What I learned

1. Attention is a skill — if you don’t cultivate it, it will atrophy

We assume that if we are simultaneously looking at, listening to, and thinking about someone, then we must be paying them our “full attention.” This couldn’t be further from the truth.

I am convinced, based on my own anecdotal experience, that most of us don’t use more than a fraction of our attention on anything, ever. If I can discover a whole new world of sensation just within my own body in just eight days, how much more must be hiding just under the surface of our awareness?

And this is no accident. It became painfully clear to me, upon returning, how much our modern world is designed to erode this capacity. Advertisements, videos, mobile apps, commercials, social media, the news, email, notifications — these are the forward operating bases in a concerted campaign to fragment, subvert, and monetize our attention, a resource even more scarce (and therefore more valuable) than time or money.

We call someone who is not in control of their mind insane. What do we call someone who is not in control of their attention, which is the gateway to the mind?

2. 80% of happiness is just paying attention

A team at Harvard recently conducted a large-scale study on happiness, polling more than 60,000 people three times daily for a one-month period on numerous factors related to their happiness: exercise, sleep, social interaction, satisfaction, use of technology, and many others.

Do you know what they found to be the #1 predictor of unhappiness across the entire study?

Not paying attention to what you were doing. And it didn’t matter if the thing you were thinking about was more positive or negative than what you were doing. Just the fact of not being present was the cause. Now think of the implications for a society where none of us is truly paying attention to anything we do.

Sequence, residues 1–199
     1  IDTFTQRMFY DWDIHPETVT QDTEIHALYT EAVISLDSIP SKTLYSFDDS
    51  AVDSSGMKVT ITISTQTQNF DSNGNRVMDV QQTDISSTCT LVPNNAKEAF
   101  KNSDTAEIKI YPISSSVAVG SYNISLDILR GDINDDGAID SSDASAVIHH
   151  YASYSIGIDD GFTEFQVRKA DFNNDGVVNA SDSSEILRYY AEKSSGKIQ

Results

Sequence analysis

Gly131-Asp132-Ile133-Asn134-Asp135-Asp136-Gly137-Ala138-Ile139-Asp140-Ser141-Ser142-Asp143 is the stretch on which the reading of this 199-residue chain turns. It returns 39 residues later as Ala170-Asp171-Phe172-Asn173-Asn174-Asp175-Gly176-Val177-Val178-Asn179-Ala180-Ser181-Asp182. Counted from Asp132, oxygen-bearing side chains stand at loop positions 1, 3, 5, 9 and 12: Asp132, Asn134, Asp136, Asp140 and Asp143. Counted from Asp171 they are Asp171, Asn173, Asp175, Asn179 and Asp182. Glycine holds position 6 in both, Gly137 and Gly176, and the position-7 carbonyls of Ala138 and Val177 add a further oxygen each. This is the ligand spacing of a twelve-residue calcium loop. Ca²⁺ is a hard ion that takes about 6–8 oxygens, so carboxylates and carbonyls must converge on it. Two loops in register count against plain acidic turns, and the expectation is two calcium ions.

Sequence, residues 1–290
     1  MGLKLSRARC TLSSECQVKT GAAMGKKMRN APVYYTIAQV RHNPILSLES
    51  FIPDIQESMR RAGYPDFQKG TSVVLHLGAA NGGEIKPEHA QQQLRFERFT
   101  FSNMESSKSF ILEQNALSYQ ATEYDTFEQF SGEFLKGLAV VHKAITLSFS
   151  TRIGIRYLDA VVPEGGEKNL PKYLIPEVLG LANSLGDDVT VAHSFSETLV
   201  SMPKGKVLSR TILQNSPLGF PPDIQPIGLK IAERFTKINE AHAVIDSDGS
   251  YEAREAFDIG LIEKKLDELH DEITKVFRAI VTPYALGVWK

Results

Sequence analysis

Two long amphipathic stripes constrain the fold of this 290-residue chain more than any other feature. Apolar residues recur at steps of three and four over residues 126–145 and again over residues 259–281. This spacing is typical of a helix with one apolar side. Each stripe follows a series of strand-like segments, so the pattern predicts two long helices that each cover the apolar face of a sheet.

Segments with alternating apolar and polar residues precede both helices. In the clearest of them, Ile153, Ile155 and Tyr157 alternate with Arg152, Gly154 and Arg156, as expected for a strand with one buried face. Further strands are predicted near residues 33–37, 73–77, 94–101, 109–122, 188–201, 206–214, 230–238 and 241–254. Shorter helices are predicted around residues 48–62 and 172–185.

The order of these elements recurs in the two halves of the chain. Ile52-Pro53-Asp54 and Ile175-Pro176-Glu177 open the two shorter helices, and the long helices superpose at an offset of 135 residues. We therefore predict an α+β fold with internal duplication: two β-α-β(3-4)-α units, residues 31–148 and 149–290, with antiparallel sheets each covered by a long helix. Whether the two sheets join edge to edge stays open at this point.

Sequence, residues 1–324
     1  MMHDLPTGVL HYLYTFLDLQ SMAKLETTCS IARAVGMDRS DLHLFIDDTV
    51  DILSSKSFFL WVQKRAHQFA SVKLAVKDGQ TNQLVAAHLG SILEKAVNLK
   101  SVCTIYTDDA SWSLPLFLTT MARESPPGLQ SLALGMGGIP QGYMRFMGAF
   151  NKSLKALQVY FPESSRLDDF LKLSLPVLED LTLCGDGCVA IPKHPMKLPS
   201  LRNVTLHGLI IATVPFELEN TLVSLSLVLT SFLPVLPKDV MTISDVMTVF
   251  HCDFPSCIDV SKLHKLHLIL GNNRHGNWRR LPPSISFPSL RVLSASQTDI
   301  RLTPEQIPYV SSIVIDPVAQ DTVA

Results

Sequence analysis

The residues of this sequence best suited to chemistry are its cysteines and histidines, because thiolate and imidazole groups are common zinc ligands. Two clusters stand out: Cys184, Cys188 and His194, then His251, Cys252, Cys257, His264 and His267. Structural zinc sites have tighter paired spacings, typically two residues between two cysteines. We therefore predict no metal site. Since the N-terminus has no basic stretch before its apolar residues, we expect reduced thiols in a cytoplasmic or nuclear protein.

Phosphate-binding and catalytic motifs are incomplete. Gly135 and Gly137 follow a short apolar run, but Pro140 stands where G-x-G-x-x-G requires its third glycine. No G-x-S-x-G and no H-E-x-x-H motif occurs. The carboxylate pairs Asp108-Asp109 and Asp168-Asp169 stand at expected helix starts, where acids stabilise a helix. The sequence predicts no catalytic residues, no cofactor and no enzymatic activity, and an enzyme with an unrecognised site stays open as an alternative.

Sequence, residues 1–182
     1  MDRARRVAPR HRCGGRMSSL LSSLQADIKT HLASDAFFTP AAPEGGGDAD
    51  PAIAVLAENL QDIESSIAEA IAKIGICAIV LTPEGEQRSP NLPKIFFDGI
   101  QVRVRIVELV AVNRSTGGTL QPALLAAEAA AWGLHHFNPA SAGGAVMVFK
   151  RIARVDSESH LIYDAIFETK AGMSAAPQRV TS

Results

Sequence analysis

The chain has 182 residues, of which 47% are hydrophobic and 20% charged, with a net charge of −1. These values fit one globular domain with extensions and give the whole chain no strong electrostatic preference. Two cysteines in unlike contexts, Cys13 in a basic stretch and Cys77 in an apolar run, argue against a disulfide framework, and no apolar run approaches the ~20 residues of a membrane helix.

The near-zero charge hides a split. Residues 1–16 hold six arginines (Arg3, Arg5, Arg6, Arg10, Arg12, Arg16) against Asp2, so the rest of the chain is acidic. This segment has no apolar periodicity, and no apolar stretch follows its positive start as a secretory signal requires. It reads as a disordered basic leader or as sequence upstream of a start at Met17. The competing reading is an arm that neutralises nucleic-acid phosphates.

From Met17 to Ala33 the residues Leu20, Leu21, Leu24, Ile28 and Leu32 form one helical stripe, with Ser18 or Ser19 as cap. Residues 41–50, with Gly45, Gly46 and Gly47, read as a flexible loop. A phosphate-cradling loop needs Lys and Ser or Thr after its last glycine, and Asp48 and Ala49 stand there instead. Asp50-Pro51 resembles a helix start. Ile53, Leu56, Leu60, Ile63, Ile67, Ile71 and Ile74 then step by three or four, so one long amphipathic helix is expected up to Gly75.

It’s true, happiness comes from within. But if you can’t perceive it, it is invisible to you. If “80% of success is just showing up,” then I believe that 80% of happiness is just paying attention.

3. Distractions are a lasting, subconscious mental habit

Every time you respond to a distraction — a new email in your inbox, a notification on your phone, a red badge in your dock — you are training your mind to value the new at the expense of the important.

Every time you interrupt the important and focused work you have consciously chosen to do to check what has just arrived, even for a second, you are telling your mind that this new thing must be more valuable, just because it is new.

This is why the effect of distractions lasts far longer than the environment that produces them. Even if you lock yourself in a dark, silent room for days, your highly trained mind will start to generate its own distractions — random musings and imagined scenarios — in a desperate attempt to produce the new information you treasure so much.

Once this habit is ingrained, like all habits, it happens mostly outside your conscious awareness. And the end result is that we can’t read a book because of that constant itch, that knowledge that there are so many new things accumulating all around us, in our phones and inboxes and feeds, and soon in our smart watches and smart glasses.

How can we ask our mind to focus its resources on something printed months ago when we’ve spent the whole week reacting to every retweet?

4. Paying attention to something takes away its power

On the fifth day of meditation, we began a practice known as Adhiṭṭhāna, or “Sittings of Strong Determination.” We were asked to sit for one hour at a time without moving, for three of the daily sessions.

This turned out to be more difficult than expected. After about 30 minutes, my knees would ache and legs go completely numb. My back and shoulders would burn and cramp, and the stiffness when I finally stood up took minutes to shake out.

But some interesting things happened when I started observing these pains and becoming aware of their complexity. The intense aching in my knee had a core and periphery, areas of heat and areas of cold, and reacted to sensations in surrounding areas.